Date of Award
Doctor of Philosophy (PhD)
Hani E. Elsayed-Ali
Carbon ions generated by ablation of a carbon target using an Nd:YAG laser pulse (wavelength λ = 1064 nm, pulse width τ = 7 ns, and laser fluence of 10-110 J/cm2) are characterized. Time-of-flight analyzer, a three-mesh retarding field analyzer, and an electrostatic ion energy analyzer are used to study the charge and energy of carbon ions generated by laser ablation. The dependencies of the ion signal on the laser fluence, laser focal point position relative to target surface, and the acceleration voltage are described. Up to C4+ are observed. When no acceleration voltage is applied between the carbon target and a grounded mesh in front of the target, ion energies up to ~400 eV/charge are observed. The time-of-flight signal is analyzed for different retarding field voltages in order to obtain the ion kinetic energy distribution. The ablation and Coulomb energies developed in the laser plasma are obtained from deconvolution of the ion time-of-flight signal. Deconvolution of the time-of-flight ion signal to resolve the contribution of each ion charge is accomplished using data from a retarding field analysis combined with the time-of-flight signal. The ion energy and charge state increase with the laser fluence. The position of the laser focal spot affects the ion generation, with focusing ~1.9 mm in front of the target surface yielding maximum ions. When an external electric field is applied in an ion drift region between the target and a grounded mesh parallel to the target, fast ions are extracted and separated, in time, due to increased acceleration with charge state. However, the ion energy accelerated by the externally applied electric field is less than the potential drop between the target and mesh due to plasma shielding.
By coupling a spark discharge into a laser-generated carbon plasma, fully-stripped carbon ions with a relatively low laser pulse energy are observed. When spark-discharge energy of ~750 mJ is coupled to the carbon plasma generated by ~50 mJ laser pulse (wavelength 1064 nm, pulse width 8 ns, intensity 5 × 109 W/cm2), enhancement in the total ion charge by a factor of ~6 is observed, along with the increase of maximum charge state from C4+ to C6+. Spark coupling to the laser plasma significantly reduces the laser pulse energy required to generate highly-charged ions. Compared to the laser carbon plasma alone, the spark discharge increases the intensity of the spectral emission of carbon lines, the electron density ne, and the electron temperature Te. The effective ion plasma temperature associated with translational motion along the plume axis Tieff is calculated from the ion time-of-flight signal.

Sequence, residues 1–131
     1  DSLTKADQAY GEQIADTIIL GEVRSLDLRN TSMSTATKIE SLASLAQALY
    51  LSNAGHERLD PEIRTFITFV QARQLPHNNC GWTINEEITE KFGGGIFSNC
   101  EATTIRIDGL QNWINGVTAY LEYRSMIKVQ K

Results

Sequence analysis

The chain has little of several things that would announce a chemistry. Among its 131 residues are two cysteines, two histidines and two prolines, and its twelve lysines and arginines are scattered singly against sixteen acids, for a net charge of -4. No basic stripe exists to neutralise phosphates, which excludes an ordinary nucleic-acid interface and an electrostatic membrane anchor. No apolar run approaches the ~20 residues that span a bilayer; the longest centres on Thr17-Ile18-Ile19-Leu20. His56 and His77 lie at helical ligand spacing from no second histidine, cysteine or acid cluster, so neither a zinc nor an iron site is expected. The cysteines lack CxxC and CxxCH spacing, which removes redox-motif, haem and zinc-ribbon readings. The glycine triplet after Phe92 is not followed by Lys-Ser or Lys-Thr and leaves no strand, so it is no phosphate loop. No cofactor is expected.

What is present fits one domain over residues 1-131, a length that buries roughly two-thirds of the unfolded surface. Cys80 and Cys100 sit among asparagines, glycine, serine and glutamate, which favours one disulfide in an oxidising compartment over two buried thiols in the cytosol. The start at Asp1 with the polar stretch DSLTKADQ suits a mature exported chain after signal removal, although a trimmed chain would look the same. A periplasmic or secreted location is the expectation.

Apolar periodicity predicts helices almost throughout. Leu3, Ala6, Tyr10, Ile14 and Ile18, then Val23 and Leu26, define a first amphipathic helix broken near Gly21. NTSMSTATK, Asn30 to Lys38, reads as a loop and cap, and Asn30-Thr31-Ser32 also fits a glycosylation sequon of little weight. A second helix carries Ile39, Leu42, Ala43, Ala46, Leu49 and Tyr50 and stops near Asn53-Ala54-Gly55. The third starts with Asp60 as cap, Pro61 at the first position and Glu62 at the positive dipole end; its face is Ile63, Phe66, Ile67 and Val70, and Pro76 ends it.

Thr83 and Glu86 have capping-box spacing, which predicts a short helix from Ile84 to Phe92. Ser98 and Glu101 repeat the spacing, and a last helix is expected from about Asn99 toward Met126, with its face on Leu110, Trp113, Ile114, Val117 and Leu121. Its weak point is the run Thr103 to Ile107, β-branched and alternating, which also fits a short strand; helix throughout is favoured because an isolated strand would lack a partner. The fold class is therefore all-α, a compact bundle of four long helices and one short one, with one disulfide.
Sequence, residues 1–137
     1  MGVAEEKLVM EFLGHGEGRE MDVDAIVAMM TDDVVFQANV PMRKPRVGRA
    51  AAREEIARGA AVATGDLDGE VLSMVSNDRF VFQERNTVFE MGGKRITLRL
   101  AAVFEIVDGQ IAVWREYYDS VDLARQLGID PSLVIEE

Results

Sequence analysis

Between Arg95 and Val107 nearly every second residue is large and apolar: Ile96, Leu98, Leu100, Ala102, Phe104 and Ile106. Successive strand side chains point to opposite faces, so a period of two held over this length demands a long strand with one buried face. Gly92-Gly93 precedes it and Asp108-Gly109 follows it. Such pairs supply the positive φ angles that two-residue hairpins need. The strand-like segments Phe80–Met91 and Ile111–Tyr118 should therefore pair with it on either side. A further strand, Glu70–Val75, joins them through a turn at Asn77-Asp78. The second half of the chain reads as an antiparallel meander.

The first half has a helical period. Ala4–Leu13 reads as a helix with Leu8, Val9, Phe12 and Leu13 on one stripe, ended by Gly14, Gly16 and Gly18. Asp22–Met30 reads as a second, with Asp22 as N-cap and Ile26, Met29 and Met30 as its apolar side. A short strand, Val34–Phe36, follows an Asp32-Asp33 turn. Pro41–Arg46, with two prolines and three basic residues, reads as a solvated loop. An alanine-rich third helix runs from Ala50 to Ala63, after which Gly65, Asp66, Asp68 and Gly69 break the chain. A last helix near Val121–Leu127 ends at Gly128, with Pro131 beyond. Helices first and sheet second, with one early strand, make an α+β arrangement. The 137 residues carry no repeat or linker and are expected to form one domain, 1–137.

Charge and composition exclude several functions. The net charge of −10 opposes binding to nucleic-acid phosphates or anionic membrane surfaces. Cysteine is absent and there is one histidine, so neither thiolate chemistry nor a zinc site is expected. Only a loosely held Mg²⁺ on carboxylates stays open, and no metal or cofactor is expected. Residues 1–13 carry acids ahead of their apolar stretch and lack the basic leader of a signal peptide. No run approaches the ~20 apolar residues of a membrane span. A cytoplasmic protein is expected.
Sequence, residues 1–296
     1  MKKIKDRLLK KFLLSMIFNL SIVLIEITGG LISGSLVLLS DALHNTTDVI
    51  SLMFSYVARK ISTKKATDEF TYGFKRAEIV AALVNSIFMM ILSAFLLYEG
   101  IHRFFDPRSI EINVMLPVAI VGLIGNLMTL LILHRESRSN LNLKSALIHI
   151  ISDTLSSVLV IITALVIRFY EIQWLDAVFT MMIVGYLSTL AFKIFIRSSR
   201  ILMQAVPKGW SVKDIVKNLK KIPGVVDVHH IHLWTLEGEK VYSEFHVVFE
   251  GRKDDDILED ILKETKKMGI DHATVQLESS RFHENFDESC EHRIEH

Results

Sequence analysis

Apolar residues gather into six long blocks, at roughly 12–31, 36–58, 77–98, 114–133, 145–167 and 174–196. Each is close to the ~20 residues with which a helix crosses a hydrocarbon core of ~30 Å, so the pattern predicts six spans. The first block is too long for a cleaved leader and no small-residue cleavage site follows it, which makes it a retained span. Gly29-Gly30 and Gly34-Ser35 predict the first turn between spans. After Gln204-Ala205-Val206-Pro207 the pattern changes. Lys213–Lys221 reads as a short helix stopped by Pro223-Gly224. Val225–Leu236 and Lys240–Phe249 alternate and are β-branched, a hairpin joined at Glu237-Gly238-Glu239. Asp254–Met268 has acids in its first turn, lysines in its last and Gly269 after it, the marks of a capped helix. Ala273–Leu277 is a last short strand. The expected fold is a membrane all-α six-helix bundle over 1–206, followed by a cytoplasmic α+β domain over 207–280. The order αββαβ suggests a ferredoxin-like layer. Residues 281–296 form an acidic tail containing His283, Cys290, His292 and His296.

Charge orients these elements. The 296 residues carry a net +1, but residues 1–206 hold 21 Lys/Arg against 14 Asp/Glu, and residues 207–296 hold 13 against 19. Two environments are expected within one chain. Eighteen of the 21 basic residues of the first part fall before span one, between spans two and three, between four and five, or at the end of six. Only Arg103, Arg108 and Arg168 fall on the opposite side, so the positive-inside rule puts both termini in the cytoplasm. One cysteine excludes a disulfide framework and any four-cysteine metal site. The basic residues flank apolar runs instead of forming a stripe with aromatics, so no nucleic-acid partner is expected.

Carbon laser plasma generated by an Nd:YAG laser (wavelength 1064 nm, pulse width 7 ns, fluence 4-52 J/cm2) is studied by optical emission spectroscopy and ion time-of-flight. Up to C4+ ions are detected with the ion flux strongly dependent on the laser fluence. The increase in ion charge with the laser fluence is accompanied by observation of multicharged ion lines in the optical spectra. The time-integrated electron temperature Te is calculated from the Boltzmann plot using the C II lines at 392.0, 426.7, and 588.9 nm. Te is found to increase from ~0.83 eV for a laser fluence of 22 J/cm2 to ~0.90 eV for 40 J/cm2. The electron density ne is obtained from the Stark broadened profiles of the C II line at 392 nm and is found to increase from ~2.1x1017 cm-3 for 4 J/ cm2 to ~3.5 x 1017 cm-3 for 40 J/cm2. Applying an external electric field parallel to the expanding plume shows no effect on the line emission intensities. Deconvolution of ion time-of-flight signal with a shifted Maxwell-Boltzmann distribution for each charge state results in an ion temperature Ti ~4.7 and ~6.0 eV for 20 and 36 J/cm2, respectively.
Carbon ion emission from femtosecond laser ablation of a glassy carbon target is studied. A Ti:sapphire laser (pulse duration τ ~150 fs, wavelength λ = 800 nm, laser fluence F ≤ 6.4 J/cm2) is used to ablate the carbon target while ion emission is detected by a time-of-flight detector equipped with a three-grid retarding field analyzer. A strong effect of the laser pulse fluence on the yield of carbon ions is observed. Up to C6+ ions are detected. The carbon time-of-flight ion signal is fit to a shifted Maxwell-Boltzmann distribution and used to extrapolate the effective plasma ion temperature Tieff = 6.9 eV. Applying an external electric field along the plasma expansion direction increased ion extraction, possibly due to the retrograde motion of the plasma-vacuum edge.
The laser ion source is utilized for carbon ion implantation of Ni(111), aiming for graphene synthesis. Ni(111) thin films are prepared with magnetron sputter coater on mica substrates at 500 °C with 400 nm thickness. Ni(111) thin films are analyzed with XRD and showed that the surface mostly contains single crystal Ni(111). Carbon at +5, -5, -10, and -15 keV of Ni (111) biasing with a series of dosages were implanted into Ni(111) films at room temperature. Carbon nanostructures such as amorphous carbon and diamond-like carbon were synthesized on Ni(111) substrates by the laser generated carbon ion implantation.
"Laser-Spark Multicharged Ion Implantation System ‒ Application in Ion Implantation and Neural Deposition of Carbon in Nickel (111)"
(2019). Doctor of Philosophy (PhD), Dissertation, Electrical/Computer Engineering, Old Dominion University, DOI: 10.25777/42ke-vt54